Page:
Journey Through Haunted Imagery of Douglas Max Utter

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In one sense, the people in Douglas Max Utter’s paintings look like they come from a box of family photos.  But, these seemingly random images of parents, children and lovers often feature cracked surfaces with rough coats of color swirling across faces.

"Abduction #5" (2005) by Douglas Max Utter  [Courtesy: HEDGE Gallery]

Utter has developed this sometimes spiritual, sometimes unsettling style over a long career as an artist and art writer.  A new exhibition of his work recently opened at Cleveland’s HEDGE Gallery.  It’s called “Falling From the Sky of Now,” and he sees it as a career retrospective.

Thinking back over that career, Utter said his early work focused on his parents, and then his style developed from there.

“I think my serious phase in my work, that I feel is mature, began in the mid-80s when my children were born,” he said.

Many of Utter’s paintings start with a photograph.

"Portrait of Chris" (2007) by Douglas Max Utter  [Courtesy: HEDGE Gallery]

“If I see a picture that I like, I try to translate it into paint and I let it progress on its own, as nearly as I can,” he said.  “As I go, I develop goals, like: it connects with other things I've done or it connects with other things I've seen, it connects with the history of art, it connects with my family, it connects with photography that I'm working from. I’m trying to get something new out of that, that feels fresh and yet also haunting.”

Although steeped in art history and an art-making style he’s developed over the course of five decades, Utter said he enjoys sharing work and learning about new artists through social media.  A global fan base of over 8,000 people follow him on Instagram.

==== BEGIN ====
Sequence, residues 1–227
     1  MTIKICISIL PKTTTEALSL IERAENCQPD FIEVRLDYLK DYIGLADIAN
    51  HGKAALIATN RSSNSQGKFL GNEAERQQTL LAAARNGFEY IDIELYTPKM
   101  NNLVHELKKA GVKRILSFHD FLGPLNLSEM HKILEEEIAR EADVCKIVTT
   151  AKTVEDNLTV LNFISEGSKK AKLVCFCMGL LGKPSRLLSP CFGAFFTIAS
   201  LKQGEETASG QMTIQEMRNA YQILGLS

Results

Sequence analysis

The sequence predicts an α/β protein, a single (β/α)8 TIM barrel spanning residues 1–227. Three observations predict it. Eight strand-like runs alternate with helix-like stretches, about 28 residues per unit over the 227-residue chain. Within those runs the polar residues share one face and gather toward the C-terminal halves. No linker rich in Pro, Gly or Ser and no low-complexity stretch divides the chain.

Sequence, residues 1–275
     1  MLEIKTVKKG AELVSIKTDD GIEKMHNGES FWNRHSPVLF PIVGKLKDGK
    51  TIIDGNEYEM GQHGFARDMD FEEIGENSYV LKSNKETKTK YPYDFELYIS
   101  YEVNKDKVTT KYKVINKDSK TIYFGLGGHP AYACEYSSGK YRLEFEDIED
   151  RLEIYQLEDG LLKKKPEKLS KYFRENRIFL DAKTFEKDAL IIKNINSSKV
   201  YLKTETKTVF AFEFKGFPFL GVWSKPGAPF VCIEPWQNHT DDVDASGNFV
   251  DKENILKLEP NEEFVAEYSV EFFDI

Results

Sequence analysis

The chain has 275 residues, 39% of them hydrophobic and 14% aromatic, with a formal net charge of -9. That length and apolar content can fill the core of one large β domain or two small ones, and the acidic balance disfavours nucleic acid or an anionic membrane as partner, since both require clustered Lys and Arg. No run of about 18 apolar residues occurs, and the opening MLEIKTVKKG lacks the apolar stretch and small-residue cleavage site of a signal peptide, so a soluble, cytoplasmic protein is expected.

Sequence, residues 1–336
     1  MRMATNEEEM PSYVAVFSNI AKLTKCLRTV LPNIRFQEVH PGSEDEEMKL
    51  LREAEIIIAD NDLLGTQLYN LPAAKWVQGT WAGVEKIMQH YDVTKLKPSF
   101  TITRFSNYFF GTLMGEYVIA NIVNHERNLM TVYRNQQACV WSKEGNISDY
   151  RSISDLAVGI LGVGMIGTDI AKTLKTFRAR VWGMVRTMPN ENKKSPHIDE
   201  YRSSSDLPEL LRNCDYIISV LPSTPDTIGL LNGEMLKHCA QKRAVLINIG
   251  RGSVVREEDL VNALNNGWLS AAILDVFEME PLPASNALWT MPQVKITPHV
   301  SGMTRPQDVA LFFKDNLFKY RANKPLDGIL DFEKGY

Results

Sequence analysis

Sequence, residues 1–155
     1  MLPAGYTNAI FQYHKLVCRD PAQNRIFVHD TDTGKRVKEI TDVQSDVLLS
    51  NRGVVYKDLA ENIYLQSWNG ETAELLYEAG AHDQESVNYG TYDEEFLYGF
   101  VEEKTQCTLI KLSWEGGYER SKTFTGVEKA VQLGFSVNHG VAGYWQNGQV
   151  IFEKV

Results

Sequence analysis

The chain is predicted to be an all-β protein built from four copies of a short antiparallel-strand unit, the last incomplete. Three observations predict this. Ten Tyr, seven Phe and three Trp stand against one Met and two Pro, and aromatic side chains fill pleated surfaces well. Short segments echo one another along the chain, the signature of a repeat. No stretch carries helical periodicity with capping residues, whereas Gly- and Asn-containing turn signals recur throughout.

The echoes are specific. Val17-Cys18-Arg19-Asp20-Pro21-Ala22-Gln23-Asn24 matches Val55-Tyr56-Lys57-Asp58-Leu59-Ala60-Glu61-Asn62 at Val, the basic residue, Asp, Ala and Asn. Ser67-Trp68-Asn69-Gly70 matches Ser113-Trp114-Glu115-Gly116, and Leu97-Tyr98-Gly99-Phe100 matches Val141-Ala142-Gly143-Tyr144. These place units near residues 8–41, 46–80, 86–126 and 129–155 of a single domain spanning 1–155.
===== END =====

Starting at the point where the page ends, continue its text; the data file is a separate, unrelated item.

“It's kind of fun and I like seeing other people's work,” he said.  “Among these eight thousand people are incredible artists from all over the world. I've learned about galleries in Melbourne and that I think I'd probably like to contact and show at some point, and there's people from all over the country from Chicago and New York.

A recent NPR story described how social media could be seen as a mixed blessing for artists.  Some observers worry that the digitization or miniaturization of images takes away from the live exhibition experience.

“I think you could worry about that,” Utter said.  “I personally believe you haven't seen a painting until you've stood in front of it because it is about interpersonal space and you have to look at it for more than a second.”

Douglas Max Utter in his studio [David C. Barnett / ideastream]

Since 1989, Utter has split his time between making art and writing about it.  He estimated he’s penned 650 articles and reviews for local and national publications.  He said he is encouraged that new writers are being groomed in outlets ranging from Scene to CAN Journal, but he also acknowledged that the infrastructure of local art writers has diminished through the years.

“There was a time when there were four or five of us writing for the Plain Dealer along with the guy who's still there [Steven Litt]; sort of adjunct writers like Amy Sparks and Dan Tranberg and me and others,” Utter said.  “So, there's less of a demand or less of a perceived demand.”

"Jinn" (2017-18)  [Courtesy: HEDGE Gallery]

Whether it’s through Instagram or a gallery, Utter said it is sometimes a strange experience to sell his art.

“I think of these paintings that I really miss, that are hanging in people's offices or homes or I just don't know what's become of them,” he said.  But, he added that it was part of the process of “keeping it real.”   

"Evening Funeral Procession" (2012)  [Courtesy: HEDGE Gallery]

“Paintings need to be part of the real world and not just kind of your own private fantasy of what the real world is,” he said.  “You're really reaching into somebody's life, into their pocket book, or into their home, into their business. You're sharing yourself with them over time in their space.

"It may feel like selling your children," he said, “And yet, I can make more, you know.”

"Self Portrait" (1962) by Douglas Max Utter  [Courtesy: Hedge Gallery]

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